• Voyager Therapeutics, a Cambridge, Mass.-based developer of gene therapy solutions for fatal and debilitating CNS diseases, has filed for an $86.25 million IPO. It plans to trade on the Nasdaq under ticker symbol VYGR, with Cowen & Co. and Piper Jaffray serving as lead underwriters. The company has raised around $105 million in VC funding from Third Rock Ventures (52.6% pre-IPO stake), Aventis (11.2%), Fidelity (7.5%), Brookside Capital (5.6%), Partner Fund Management (5.2%), Wellington Management and Casdin Capital. www.voyagertherapeutics.com

EXITS

• CJ Group (South Korea) is considering a takeover bid for Coway Co., a South Korean maker of air purifiers that is 31% owned by MBK Partners. Read more.

• Paine & Partners has completed its sale of Sunrise Growers, a Placentia, Calif.-based organic frozen fruit supplier, to Canada’s SunOpta (TSX: SOY) for approximately $450 million. www.sunrisegrowers.com

• ProSiebenSat.1 Media has acquired Etraveli Holding AB, a Swedish online travel agency, for around €235 million from private equity firm Segulah. Read more.

OTHER DEALS

• Dakang New Zealand Farm Group, which is majority-owned by Shanghai Pengxin Group, has pulled out of an agreement to acquire 3,300 hectares of farmland on New Zealand’s North Island, over regulatory concerns. Read more.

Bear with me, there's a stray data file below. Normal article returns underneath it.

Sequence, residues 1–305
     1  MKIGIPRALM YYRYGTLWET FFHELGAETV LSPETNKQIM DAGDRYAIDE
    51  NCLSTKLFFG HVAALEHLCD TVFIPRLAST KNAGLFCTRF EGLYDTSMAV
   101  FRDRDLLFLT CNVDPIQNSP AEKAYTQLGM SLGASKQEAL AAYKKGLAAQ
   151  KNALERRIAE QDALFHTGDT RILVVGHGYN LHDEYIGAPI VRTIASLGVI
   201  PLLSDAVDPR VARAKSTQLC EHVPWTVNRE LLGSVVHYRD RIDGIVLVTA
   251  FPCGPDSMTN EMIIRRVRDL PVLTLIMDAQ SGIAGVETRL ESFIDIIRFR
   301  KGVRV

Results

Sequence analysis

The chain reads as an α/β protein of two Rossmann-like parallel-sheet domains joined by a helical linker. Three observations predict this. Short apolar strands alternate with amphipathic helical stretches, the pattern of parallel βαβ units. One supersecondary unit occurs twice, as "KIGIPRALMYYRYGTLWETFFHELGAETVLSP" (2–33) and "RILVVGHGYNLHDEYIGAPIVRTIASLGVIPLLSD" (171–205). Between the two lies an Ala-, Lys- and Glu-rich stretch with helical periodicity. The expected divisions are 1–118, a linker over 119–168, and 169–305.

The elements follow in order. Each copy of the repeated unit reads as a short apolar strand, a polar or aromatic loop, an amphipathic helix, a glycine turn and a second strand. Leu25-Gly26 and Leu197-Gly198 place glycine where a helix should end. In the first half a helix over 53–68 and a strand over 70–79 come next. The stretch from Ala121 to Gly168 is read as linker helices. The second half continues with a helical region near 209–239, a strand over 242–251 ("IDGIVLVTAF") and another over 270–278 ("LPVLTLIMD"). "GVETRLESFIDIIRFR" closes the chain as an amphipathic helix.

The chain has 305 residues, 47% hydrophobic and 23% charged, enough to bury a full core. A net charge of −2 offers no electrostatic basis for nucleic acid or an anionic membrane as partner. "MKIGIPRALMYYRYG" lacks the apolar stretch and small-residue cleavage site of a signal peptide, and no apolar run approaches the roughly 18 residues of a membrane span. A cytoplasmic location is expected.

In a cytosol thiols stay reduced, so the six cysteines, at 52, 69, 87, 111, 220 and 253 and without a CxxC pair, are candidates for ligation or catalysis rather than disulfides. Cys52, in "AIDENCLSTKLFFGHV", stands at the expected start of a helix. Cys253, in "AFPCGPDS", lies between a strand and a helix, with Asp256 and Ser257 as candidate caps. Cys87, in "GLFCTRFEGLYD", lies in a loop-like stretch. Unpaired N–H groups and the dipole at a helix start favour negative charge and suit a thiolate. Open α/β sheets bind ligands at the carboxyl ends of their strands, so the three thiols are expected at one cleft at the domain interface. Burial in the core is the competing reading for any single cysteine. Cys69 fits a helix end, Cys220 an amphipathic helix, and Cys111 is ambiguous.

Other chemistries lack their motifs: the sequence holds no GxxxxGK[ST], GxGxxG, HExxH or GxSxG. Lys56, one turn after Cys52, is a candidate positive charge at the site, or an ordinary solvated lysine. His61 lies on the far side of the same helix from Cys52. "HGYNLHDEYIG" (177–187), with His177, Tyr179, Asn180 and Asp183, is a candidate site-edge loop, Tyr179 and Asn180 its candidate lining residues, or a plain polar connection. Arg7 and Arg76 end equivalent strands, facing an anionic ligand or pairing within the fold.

• Delek Group (Tel Aviv: DLEKG) has acquired 20% of Ithaca Energy (TSX: IAE) for around $66 million. Read more.

• Deutsche Bank is considering the sale of Abbey Life, a UK-based insurance group that helps pension funds protect themselves from members living longer than expected, according to Bloomberg. The business could be worth upwards of $4.6 billion. Read more.

• RetailNext, a San Jose, Calif.-based provider of in-store data analytics for retailers, has agreed to acquire mobile content startup Perkota, according to VentureWire. No financial terms were disclosed. RetailNext earlier this year raised $125 million in new VC funding from Activant Capital Group, August Capital, Star Vest Partners, Nokia Growth Partners, Qualcomm Ventures and AMEX Ventures. www.retailnext.com

FIRMS & FUNDS

• Coatue Management has secured more than $543 million for its second private equity fund, according to regulatory filings. www.coatue.com

MOVING IN, UP, ON & OUT

• Laurie Coben has joined Evercore as a New York-based senior managing director, leading the firm’s power and utilities sector. She previously was a managing director and global co-head of the energy and power investment banking group at Bank of America Merrill Lynch. www.evercore.com

• Peter Finn has joined Nomura as a senior director of mergers and acquisitions. He previously was senior VP of M&A with Macquarie Capital. www.nomura.com

• Jared Friedman, co-founder and CTO of Scribd, has joined Y Combinator as a partner. Read more.

• Nick Jordan has been named CEO of Finstar Financial Group, a Moscow-based private equity firm. He previously was with Goldman Sachs, where he co-led Russian operations. www.finstar.com